WTO Gives Special Treatment For Service Providers From LDCs
19 March 2012
The stated objective of the World Trade Organisation (WTO) - to open trade barriers worldwide – upholds that this could benefit every country, poorer or richer. But developing countries, and especially the least developed ones, have farther to go to achieve trade liberalization. The service waiver adopted at the Eighth WTO Ministerial Conference last December in Geneva aims to support their efforts.
“Under WTO agreements, members have the obligation to give special priority’ to Least Developed Countries (LDCs) for fostering their participation in world trade,” Keith Rockwell, Director of the Information and External Relations Division at the WTO, told MediaGlobal. “Specifically, the new service waiver allows WTO Members to grant LDCs preferential market access in specific services sectors for facilitating their exports, a measure that would otherwise be contrary to the most-favored-nation (MFN) principle.”
The MFN principle lies at the basis of any WTO agreement: no member can discriminate between other trading partners. However, because of their specific economic situation and development, as well as their increased interest in world trade, developing countries are allowed some “special and differential treatments” in the agreements. This special treatment goes even further for LDCs, who account for 31 of the 153 WTO members, that already benefit from strengthened technical assistance, improved market access, and lowered quotas on their exports.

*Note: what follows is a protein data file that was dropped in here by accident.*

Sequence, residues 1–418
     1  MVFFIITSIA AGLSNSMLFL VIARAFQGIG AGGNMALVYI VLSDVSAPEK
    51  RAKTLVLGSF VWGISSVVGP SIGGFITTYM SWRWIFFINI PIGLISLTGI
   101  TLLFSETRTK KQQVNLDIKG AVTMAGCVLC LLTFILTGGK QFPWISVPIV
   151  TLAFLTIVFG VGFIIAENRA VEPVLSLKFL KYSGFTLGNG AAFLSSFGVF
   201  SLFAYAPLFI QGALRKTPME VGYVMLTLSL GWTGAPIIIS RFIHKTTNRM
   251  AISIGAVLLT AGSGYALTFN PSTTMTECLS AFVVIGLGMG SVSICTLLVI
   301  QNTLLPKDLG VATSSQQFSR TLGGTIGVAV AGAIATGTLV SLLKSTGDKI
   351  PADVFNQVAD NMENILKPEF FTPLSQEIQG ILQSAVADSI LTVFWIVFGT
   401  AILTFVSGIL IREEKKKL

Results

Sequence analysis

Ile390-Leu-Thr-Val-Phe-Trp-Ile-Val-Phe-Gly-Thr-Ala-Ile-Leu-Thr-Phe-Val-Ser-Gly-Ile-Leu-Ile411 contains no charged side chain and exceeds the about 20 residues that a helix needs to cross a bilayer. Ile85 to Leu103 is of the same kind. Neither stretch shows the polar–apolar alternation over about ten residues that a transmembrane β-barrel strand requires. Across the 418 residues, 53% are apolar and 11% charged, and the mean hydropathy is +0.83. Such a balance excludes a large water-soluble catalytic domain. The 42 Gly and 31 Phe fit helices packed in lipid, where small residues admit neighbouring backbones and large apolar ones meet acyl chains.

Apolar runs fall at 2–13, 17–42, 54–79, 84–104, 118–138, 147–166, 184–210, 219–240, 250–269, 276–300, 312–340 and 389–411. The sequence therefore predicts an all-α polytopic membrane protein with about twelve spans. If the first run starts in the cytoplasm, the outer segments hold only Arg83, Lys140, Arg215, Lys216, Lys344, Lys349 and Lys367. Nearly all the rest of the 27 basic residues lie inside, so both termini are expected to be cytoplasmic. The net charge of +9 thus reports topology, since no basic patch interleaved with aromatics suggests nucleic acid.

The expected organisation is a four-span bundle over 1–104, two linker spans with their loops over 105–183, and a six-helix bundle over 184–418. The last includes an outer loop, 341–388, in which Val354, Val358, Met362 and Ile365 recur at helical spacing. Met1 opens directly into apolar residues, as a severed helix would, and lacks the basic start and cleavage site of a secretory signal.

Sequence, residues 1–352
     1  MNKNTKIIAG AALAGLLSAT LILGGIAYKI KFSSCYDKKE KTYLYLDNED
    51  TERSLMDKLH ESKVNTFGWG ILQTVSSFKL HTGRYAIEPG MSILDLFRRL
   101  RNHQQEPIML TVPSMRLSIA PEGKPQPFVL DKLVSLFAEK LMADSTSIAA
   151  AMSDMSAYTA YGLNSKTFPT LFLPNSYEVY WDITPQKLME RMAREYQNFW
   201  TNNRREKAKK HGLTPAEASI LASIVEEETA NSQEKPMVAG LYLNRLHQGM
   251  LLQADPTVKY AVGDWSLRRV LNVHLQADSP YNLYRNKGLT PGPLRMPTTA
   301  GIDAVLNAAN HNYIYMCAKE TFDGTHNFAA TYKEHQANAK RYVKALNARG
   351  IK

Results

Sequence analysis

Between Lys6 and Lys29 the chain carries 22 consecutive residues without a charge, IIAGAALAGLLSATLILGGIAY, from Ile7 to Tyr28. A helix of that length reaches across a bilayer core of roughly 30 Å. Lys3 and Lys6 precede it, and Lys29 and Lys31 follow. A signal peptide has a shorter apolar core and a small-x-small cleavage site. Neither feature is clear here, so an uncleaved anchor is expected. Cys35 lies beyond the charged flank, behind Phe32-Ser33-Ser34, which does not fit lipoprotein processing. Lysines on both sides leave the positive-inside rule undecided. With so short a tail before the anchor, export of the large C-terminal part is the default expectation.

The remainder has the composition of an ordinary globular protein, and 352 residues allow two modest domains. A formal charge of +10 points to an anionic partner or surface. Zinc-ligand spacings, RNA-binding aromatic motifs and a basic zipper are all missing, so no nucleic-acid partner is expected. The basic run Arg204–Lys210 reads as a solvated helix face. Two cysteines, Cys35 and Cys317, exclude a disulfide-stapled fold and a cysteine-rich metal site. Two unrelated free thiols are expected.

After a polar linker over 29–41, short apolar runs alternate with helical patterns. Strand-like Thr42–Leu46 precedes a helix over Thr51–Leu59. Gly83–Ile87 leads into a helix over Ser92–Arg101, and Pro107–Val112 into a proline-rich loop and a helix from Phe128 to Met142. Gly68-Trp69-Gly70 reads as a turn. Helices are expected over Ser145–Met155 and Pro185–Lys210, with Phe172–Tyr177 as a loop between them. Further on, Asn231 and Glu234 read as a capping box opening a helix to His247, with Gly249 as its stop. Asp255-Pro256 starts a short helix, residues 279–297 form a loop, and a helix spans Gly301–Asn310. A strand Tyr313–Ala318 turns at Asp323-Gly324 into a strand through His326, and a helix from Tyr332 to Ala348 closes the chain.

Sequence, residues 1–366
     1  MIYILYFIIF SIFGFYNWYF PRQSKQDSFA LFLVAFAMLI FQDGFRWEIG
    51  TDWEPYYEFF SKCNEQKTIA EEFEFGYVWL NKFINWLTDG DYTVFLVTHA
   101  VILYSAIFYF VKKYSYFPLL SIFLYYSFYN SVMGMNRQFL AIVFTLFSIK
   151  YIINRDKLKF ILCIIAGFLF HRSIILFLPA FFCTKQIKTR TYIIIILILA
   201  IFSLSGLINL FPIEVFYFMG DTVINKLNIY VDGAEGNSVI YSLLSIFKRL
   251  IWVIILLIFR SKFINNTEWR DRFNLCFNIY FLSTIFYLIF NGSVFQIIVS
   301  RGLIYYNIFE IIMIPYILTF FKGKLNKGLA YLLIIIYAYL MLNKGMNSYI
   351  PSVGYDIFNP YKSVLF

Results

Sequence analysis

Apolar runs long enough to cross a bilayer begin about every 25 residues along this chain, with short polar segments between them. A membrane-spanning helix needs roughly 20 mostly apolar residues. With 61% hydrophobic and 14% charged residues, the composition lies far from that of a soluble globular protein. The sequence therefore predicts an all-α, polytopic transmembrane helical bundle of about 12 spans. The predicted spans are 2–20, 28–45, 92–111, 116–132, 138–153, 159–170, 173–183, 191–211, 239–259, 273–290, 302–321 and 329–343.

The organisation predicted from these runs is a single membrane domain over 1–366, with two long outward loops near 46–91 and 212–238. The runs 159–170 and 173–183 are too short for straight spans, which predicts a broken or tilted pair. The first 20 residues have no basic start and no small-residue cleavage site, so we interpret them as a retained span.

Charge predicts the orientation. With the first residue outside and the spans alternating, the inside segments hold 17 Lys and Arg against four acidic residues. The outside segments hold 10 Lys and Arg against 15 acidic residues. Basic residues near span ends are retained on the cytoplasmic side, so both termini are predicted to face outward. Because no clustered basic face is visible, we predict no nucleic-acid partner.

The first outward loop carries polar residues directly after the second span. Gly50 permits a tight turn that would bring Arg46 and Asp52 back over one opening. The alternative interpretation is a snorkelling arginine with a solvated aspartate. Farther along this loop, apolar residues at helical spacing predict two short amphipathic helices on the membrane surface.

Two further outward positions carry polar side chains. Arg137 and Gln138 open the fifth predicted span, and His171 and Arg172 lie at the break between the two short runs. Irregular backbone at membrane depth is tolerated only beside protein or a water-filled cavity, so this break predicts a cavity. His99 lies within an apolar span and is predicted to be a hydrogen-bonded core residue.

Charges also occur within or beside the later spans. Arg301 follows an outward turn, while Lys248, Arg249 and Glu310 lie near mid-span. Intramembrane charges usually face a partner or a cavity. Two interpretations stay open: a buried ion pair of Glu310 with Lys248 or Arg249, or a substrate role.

For the first time, legal positive discrimination in favor of LDCs is now allowed in the service sector under the 2011 service waiver. “The preferential access should allow LDC service suppliers to increase their exports in other developed or developing countries,” tells Rockwell to MediaGlobal. “The instrument targets in particular the temporary movement of LDC nationals in the host country, called Mode 4 in the General Agreement on Trade in Services (GATS).”
Compared with trade in goods, liberalization of trade in services, long considered a non-tradable sector, is still at an early stage, and is hampered by a wider array of barriers imposed by governments. The free movement of services suppliers is a much more sensitive issue than the movement of goods as human beings are directly involved.
However, as the service sector is significantly growing worldwide with the advent of modern communications and business services, trade opportunities are also on the rise. This is especially true for developing countries and LDCs, home to millions of low- or semi-skilled workers, available to fulfill expected labor shortages in OECD countries with ageing populations.
On average, the service sector represents more than 40 percent of GDP in the LDCs, while comprising only 18 percent of their total trade. According to the World Bank, service trade liberalization could generate up to $6 trillion as additional income in the developing world by 2015.
In 2003, when negotiations on the waiver were first launched at the WTO, Dr. Toufiq Ali, Bangladesh’s ambassador to the UN in Geneva, was already insisting that “the potential benefit of free trade in services may be several times that of free trade in goods.” As a frequent spokesman of the LDC group, Bangladesh has been actively involved in getting the waiver implemented, and is expected to be the LDC to benefit most from it in the coming years.